In the Classroom: World History

Hiapo Emmons-Shaw, History Department Chair, believes in creating engagement through debate in the classroom.
It’s a Friday afternoon and a group of freshmen are engaged in a heated debate: has civilization, with all its associated complex institutions, been a positive development for humanity or a negative development?

Just another day at WMS.

Hiapo Emmons-Shaw, History Department Chair, believes in creating engagement through discussion in the classroom. To further this, he recently had the members of his 9th grade World History class take a position on the benefits and drawbacks of early human civilization and defend it before their peers. Students constructed their own arguments, pointing to social stratification, use of resources, the development of writing, population growth, agricultural surpluses, politics, conflict, and war to defend their arguments.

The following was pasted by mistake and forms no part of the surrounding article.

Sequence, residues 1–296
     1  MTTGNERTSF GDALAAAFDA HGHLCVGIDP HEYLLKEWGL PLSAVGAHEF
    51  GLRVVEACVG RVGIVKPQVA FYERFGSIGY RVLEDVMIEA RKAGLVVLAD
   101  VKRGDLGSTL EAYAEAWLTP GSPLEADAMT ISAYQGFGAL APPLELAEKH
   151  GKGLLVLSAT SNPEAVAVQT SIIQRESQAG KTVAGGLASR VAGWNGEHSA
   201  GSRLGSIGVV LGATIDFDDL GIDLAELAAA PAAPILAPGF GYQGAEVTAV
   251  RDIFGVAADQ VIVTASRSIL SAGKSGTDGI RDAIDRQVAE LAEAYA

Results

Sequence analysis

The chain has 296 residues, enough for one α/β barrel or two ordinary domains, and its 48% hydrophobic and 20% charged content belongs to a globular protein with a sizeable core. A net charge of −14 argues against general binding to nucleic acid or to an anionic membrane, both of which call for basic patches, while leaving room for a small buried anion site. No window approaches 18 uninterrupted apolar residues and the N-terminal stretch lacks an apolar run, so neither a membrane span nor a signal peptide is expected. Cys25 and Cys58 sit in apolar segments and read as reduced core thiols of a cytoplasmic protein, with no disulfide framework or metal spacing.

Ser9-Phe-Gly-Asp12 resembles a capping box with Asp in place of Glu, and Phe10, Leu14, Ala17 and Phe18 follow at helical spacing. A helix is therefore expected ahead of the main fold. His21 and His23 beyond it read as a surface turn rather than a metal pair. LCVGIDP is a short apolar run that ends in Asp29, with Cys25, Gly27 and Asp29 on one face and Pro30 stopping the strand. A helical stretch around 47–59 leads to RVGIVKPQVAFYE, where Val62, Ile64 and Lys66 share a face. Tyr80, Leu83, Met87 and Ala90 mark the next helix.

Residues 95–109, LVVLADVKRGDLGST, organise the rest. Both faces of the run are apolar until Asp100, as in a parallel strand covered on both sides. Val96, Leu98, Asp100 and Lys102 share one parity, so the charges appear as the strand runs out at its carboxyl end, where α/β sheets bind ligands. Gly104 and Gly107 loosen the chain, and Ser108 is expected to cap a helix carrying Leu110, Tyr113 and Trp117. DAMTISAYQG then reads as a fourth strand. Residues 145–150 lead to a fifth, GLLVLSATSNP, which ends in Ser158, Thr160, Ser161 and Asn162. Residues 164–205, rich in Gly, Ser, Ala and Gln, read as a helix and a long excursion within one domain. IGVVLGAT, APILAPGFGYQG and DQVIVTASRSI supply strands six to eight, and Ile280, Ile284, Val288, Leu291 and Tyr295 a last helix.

“It’s the first time I’ve used these kinds of debates in a while,” says Hiapo, “but I like them because they require students to work together as a team. They require logical thinking, use of real-world examples, and public speaking.

“Students have told me they like the assignment because of the competitive aspect, because it allowed them to communicate their knowledge verbally, and because they got immediate and real-world feedback on their performance.”

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